The recent case of Hingst v Construction Engineering involved an allegation that the plaintiff’s immediate supervisor deliberately farted in his specific direction.

The case raises questions about what constitutes bullying and unacceptable workplace behaviour. Indeed, it raises questions about the potential consequences of even an involuntary act for employees and employers.

The Australian Public Serivce Code of Conduct, is particularly strict on the kind of behaviour which can constutite unacceptable worplace behaviour. In the public service, a mental element, such as knowledge, intent or recklessness, is not (usually) required to establish a breach of the code.

In the case of Hingst, it was the termination of Hingst’s employment that led him to return obsessively to the flatulence episode, at which pint the alleged psycholgilcal harm had not manafiested. A reasonable person would not conclude in these circumstances that Short’s flatulence would humiliate, offend, intimidate or cause Hingst unnecessary hurt or distress, and the Court held that the flatulence did not breach standard of workplace behavour and give rise to compensation.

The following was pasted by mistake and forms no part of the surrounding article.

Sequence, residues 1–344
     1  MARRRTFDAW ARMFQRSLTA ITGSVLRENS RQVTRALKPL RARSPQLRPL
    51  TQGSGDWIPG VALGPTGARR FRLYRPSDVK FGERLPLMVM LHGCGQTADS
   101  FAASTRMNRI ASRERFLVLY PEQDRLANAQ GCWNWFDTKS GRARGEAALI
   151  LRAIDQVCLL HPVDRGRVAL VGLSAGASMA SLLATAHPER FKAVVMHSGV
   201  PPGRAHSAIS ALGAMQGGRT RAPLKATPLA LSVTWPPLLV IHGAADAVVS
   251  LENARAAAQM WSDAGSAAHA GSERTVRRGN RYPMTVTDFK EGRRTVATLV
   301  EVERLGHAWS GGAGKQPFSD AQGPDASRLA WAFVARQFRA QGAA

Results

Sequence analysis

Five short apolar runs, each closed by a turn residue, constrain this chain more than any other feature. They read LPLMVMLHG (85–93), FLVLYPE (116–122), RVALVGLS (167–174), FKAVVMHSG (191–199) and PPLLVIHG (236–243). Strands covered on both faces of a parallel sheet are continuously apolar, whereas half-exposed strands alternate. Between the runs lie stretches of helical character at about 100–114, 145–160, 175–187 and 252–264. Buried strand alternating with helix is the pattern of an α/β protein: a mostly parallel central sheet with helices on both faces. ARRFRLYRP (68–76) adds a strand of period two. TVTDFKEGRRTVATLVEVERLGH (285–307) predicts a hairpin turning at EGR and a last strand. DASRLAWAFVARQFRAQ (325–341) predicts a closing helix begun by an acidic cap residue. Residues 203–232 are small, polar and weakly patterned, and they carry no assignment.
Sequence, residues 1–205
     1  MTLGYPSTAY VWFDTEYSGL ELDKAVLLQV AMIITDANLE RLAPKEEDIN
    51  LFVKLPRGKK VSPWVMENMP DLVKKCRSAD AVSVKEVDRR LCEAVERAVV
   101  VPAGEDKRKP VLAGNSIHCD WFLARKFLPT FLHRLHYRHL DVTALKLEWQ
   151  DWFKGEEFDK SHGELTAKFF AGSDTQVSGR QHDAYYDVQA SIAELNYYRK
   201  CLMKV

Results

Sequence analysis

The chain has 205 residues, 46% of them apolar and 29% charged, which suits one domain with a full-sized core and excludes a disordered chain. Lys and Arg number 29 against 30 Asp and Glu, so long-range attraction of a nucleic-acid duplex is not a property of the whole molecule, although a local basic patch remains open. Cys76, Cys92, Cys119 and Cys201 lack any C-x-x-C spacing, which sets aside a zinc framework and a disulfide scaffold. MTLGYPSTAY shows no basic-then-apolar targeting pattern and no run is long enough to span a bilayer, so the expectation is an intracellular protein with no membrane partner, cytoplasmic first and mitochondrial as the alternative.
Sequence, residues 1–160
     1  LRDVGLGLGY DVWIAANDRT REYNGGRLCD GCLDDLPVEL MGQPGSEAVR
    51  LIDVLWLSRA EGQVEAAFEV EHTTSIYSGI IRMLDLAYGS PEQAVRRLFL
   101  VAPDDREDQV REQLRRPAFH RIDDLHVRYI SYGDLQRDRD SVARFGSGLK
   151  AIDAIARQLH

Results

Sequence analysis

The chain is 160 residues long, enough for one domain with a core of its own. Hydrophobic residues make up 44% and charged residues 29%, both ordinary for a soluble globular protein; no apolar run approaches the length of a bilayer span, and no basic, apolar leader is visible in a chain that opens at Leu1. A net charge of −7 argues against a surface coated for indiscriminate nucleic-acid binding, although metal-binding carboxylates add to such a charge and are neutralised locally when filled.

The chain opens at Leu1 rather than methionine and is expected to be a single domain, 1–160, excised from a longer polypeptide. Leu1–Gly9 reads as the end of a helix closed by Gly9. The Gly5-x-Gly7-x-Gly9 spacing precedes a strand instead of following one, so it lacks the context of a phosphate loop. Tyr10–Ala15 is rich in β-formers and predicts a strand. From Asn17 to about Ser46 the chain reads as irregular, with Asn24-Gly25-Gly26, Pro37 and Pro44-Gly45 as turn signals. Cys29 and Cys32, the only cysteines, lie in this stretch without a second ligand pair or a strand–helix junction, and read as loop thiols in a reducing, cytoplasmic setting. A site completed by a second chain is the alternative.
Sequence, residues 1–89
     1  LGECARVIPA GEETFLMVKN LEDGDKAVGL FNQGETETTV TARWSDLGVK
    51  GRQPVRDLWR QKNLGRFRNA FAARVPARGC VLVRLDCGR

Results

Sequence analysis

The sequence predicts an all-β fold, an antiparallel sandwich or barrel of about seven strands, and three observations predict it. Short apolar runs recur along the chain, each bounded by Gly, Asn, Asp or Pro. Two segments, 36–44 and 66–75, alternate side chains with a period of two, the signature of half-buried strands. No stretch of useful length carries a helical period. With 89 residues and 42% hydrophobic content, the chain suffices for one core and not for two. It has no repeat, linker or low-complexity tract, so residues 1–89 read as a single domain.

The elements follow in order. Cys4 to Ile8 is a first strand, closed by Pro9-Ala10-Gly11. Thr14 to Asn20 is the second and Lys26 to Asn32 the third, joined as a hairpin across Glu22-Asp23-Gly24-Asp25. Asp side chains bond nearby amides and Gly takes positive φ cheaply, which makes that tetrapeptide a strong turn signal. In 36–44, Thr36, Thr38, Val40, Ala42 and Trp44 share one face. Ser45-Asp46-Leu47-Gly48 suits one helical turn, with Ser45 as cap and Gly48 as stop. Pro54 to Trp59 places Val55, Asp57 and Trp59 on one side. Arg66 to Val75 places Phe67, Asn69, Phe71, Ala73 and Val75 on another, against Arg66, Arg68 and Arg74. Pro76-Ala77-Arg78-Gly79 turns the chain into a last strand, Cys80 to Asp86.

Contrast this with the case of Bell v Boom Logistics, where an act of targeted flatulence was found to “possibly attract dismissal, being an assault”. However, this incident was manifestly targeted: as the victim stated, the perpetrator “had his hand on his bum cheek, pulled his cheeks apart and farted in my face”.

Regardless, for any employer, farting, when it is part of a pattern of bullying or abuse, could give rise to a claim in negligence. In such cases, employees must establish that the harm was reasonably foreseeable and recognisable, and the employer failed to take reasonable steps to mitigate that risk. This is the standard for any workplace to avoid an adverse Court decision.